I have written quite a bit over the years, like pretty much every expat/volunteer/tourist to visit East Africa, about the word mzungu. A brief recap: the word (similar with some variation in spelling across much of Sub-Saharan Africa), connotes the idea of an “outsider,” “foreigner,” “white person,” “aimless wanderer,” “traveller,” or pretty much any foreign visitor (or resident) in an African country.
The word is often held in contempt by many on its receiving end. It is chanted by children when you walk down the street, hollered at you by Boda drivers and shop owners trying to get your attention, and constantly stands out in conversations you overhear. If you read my blogs from my 2011 work in Uganda, or my 2009 work in Tanzania, you would know that the word has traditionally driven me crazy. It gets old fast, and even though it is very rarely used in a derisive manner, it is an Othering term, which I think those of us brought up in a culture that emphasizes respect for the diversity that the USA (at least in theory) represents. Plus, you know, I have a name.
Now, this is a nuanced comparison that is made quite often. When we in the states think of these Othering labels, we jump to derogatory and often slanderous words (which do not need to be listed here). Here in Uganda, the term mzungu is not derogatory. It’s just what “we” are called. Calling someone a mzungu is not something to be deemed racist or xenophobic. It’s just a word. There isn’t really an American equivalent.
Where it gets interesting is when you see what I am looking at as I write this: a parent, holding his newly speaking toddler in his arms, pointing to me saying “Mzungu!” in an effort to educate the child in the word for what I am. It is said with a smile on the father’s face, an expression of amusement, curiosity and a little splash of fear on the child’s.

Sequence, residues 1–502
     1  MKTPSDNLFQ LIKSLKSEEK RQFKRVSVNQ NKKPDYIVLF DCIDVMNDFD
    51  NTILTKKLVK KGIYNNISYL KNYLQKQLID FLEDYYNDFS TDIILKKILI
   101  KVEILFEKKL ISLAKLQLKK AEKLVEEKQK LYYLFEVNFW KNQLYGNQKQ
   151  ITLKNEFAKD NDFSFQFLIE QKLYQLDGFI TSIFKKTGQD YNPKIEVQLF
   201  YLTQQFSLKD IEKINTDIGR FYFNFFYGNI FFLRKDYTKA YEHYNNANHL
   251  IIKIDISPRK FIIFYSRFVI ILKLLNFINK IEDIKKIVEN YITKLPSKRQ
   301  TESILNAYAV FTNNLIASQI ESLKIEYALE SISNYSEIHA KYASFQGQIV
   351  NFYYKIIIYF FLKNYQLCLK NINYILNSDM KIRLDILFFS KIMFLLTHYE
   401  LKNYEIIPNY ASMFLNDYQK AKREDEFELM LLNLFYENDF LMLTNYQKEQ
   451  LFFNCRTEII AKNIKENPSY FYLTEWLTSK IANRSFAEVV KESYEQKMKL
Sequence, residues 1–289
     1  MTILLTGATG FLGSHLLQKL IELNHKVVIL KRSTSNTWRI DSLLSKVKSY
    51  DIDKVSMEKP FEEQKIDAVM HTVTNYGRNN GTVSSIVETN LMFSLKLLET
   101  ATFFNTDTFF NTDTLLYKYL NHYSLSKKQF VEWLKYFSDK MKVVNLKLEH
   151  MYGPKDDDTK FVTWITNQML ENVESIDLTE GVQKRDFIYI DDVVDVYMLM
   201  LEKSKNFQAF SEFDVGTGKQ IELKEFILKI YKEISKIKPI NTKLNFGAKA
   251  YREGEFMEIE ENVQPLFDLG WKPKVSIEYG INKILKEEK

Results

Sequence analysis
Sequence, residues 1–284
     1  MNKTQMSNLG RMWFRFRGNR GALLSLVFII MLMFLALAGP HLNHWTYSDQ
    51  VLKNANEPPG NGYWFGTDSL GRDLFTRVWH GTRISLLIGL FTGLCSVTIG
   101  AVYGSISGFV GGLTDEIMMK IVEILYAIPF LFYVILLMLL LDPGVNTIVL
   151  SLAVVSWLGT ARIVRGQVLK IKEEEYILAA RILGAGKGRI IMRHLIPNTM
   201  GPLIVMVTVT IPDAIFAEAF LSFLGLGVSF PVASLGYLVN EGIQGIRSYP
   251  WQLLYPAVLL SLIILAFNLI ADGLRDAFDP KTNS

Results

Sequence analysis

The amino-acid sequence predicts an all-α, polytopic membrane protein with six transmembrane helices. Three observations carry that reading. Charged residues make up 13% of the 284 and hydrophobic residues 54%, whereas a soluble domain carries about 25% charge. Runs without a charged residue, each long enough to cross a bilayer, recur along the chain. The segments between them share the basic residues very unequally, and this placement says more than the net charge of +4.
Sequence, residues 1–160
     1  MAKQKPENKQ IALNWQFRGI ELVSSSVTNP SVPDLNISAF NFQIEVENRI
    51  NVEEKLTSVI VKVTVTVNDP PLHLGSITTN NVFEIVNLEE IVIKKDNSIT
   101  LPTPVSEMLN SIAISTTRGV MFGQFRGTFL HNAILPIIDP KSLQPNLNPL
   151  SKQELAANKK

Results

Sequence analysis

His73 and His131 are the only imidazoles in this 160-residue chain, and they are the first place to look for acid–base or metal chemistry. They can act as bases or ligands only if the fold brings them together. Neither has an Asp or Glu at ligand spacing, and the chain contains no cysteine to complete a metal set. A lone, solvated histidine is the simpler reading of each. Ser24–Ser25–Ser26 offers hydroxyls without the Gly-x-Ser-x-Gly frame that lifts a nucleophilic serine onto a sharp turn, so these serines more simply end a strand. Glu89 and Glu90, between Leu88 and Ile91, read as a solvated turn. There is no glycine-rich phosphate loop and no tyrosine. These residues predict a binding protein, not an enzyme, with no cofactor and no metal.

I have previously discussed the word from a point of pride. I am very lucky and blessed to be able to “zunga zunga” from one part of the country/world to another. I can take advantage of such opportunities when they arise, so why waste it? But when I see this word being taught to new generations, I see a future in Uganda that does not progress beyond these Othering terms. And I am not saying it is a matter of progress, I just have a hard time wrapping my mind around it. How long will those with white skin be deemed so radically different that “we” merit a label of separation?
No harm no foul. Just a perplexing state of cross-cultural communication in my opinion. I AM an outsider here, as are all those with my skin color that came before me. It’s the legacy of the Other in Africa. A relic of a world with porous borders that have been crossed by all walks of life, and have often been exploited in myriad ways over time.
To understand the full extent of this word, the implications and connotations, the history behind this Othering process, the neocolonial and neo-imperial undertones, and of course, how this word can be turned into a song that all Ugandan children happen to know…well, you’ll just have to come out here and hear it for yourself.